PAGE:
Use this URL to cite or link to this record in EThOS: http://ethos.bl.uk/OrderDetails.do?uin=uk.bl.ethos.687826
Title: Obesity-related factors involved in endoplasmic reticulum stress induction in adipocytes
Author: Mihai, Adina Daniela
ISNI:       0000 0004 5915 4960
Awarding Body: Durham University
Current Institution: Durham University
Date of Award: 2015
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Abstract:
Obesity is the most common nutritional disorder in the developed world and represents a major risk factor for associated diseases like type 2 diabetes mellitus, cardiovascular diseases and hypertension. The condition affects the whole body homeostasis but mainly the adipose tissue and is characterised by low grade inflammation, insulin resistance and hyperlipidemia. In adipocytes, it has been associated with endoplasmic reticulum stress (ER stress) induction and activation of the unfolded protein response (UPR). ER stress has been shown to play a central role in the molecular events leading to inflammation and insulin resistance in obese adipocytes, but the physiological triggers of ER stress are still unknown. The aim of my thesis was to investigate the role of obesity-related factors such as high concentrations of saturated fatty acids, cholesterol, proinflammatory cytokines or tissue remodelling-induced hypoxia and glucose starvation in ER stress induction My results indicate for the first time that glucose starvation and hypoxia, two markers of adipose tissue remodelling in obesity, represent physiological triggers of ER stress in in vitro differentiated 3T3-F442A and 3T3-L1 adipocytes. High concentrations of saturated fatty acid palmitic acid, cholesterol or proinflammatory cytokines (TNFα, IL-6 and IL-1β), although shown to be potent inducers in other cell lines, do not induce ER stress in my model of in vitro differentiated adipocytes. In conclusion, my results suggest that the adipose tissue remodelling process in obesity could play a central role in ER stress induction in adipocytes.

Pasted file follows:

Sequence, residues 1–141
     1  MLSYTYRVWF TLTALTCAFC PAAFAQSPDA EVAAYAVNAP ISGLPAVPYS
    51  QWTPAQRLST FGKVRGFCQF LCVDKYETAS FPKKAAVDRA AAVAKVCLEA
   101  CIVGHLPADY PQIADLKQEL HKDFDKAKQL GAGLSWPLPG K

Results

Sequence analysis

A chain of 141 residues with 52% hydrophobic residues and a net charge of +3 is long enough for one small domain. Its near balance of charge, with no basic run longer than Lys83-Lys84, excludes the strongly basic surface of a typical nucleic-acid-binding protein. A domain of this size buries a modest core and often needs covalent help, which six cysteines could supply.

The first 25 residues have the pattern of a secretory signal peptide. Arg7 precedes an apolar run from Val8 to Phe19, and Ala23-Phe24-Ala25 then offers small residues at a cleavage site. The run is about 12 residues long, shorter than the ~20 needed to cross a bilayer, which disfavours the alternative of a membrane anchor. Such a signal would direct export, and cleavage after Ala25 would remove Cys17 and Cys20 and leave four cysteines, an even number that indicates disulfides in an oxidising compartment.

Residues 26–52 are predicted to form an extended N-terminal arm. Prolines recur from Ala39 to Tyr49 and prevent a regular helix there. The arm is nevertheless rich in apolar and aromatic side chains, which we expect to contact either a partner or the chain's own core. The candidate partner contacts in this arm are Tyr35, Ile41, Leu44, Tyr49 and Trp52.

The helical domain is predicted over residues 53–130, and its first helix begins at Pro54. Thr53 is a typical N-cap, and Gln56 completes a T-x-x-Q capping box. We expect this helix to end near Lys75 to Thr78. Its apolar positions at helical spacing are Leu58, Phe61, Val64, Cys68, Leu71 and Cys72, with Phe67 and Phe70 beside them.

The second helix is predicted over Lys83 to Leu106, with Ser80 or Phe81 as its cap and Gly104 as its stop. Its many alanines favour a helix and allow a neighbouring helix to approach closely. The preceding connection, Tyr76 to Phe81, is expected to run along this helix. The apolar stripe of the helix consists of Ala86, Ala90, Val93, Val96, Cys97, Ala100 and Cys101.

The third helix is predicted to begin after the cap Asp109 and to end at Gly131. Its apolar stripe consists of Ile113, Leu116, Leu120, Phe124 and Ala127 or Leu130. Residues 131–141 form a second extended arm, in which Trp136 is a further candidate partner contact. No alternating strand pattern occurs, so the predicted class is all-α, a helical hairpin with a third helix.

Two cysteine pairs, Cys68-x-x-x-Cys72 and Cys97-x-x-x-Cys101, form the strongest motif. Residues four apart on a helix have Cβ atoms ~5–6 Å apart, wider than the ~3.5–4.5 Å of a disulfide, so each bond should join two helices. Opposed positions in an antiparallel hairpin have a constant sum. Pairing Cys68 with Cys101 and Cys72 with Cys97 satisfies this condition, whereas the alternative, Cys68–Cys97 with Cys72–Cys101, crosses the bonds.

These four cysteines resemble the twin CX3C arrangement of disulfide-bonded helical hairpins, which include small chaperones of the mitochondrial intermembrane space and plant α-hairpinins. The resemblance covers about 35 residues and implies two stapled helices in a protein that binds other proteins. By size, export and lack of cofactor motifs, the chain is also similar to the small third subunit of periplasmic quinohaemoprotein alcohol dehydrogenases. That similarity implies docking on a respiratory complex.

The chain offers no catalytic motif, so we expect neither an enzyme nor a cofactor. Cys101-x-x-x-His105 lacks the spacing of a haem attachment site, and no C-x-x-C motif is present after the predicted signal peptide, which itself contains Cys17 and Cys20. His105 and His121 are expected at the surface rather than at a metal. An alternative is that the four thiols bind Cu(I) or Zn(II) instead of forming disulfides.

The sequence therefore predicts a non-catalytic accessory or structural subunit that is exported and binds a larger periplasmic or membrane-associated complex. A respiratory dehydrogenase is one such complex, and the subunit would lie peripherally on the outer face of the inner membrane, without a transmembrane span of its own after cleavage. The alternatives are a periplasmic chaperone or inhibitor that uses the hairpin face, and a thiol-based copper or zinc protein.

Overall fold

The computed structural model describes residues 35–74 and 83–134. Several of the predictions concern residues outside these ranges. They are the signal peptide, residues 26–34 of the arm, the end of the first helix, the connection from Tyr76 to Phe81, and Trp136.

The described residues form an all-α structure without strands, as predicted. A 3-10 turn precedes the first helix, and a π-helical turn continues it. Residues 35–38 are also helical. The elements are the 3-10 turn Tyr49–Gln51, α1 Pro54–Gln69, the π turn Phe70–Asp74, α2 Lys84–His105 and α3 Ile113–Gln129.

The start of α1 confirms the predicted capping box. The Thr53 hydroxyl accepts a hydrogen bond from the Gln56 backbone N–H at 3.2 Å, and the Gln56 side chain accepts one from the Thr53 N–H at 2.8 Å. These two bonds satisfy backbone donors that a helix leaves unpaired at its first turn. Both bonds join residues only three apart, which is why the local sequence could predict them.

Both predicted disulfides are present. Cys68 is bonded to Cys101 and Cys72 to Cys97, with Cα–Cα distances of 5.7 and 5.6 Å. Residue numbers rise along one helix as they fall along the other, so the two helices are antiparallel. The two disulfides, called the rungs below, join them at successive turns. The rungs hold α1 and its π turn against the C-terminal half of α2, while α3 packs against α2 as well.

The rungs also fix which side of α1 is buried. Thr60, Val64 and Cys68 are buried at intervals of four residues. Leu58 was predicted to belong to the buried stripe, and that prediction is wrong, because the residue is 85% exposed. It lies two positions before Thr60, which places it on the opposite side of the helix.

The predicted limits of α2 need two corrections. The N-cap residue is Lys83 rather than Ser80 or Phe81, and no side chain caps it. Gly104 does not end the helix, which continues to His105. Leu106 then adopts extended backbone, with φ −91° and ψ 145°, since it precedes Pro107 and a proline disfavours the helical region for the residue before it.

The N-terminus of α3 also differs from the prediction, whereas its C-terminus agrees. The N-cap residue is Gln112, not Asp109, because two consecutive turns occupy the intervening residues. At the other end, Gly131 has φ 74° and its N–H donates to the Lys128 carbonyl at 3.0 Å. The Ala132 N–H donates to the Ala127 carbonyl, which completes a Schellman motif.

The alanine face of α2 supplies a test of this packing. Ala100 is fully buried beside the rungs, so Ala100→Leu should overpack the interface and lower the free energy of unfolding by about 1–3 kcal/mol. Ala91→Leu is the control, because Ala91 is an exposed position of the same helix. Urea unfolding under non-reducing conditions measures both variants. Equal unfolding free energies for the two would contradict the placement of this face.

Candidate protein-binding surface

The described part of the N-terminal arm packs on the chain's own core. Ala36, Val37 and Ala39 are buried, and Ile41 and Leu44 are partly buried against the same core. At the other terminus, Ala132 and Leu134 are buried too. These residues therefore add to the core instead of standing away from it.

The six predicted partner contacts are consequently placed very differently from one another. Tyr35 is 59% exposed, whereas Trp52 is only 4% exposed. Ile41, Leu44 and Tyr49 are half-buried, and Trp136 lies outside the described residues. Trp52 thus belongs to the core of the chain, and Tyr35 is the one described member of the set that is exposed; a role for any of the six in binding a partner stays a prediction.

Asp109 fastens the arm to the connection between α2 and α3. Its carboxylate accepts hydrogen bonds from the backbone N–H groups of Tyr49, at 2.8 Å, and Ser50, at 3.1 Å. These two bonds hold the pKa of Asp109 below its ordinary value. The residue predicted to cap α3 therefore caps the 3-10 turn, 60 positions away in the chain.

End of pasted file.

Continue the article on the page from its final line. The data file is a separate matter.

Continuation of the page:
Supervisor: Not available Sponsor: Not available
Qualification Name: Thesis (Ph.D.) Qualification Level: Doctoral
EThOS ID: uk.bl.ethos.687826  DOI: Not available
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